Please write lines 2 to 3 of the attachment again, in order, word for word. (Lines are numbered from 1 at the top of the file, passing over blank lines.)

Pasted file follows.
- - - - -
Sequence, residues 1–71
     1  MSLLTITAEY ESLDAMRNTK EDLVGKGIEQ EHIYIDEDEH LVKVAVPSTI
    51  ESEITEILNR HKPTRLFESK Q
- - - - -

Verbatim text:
     1  MSLLTITAEY ESLDAMRNTK EDLVGKGIEQ EHIYIDEDEH LVKVAVPSTI
    51  ESEITEILNR HKPTRLFESK Q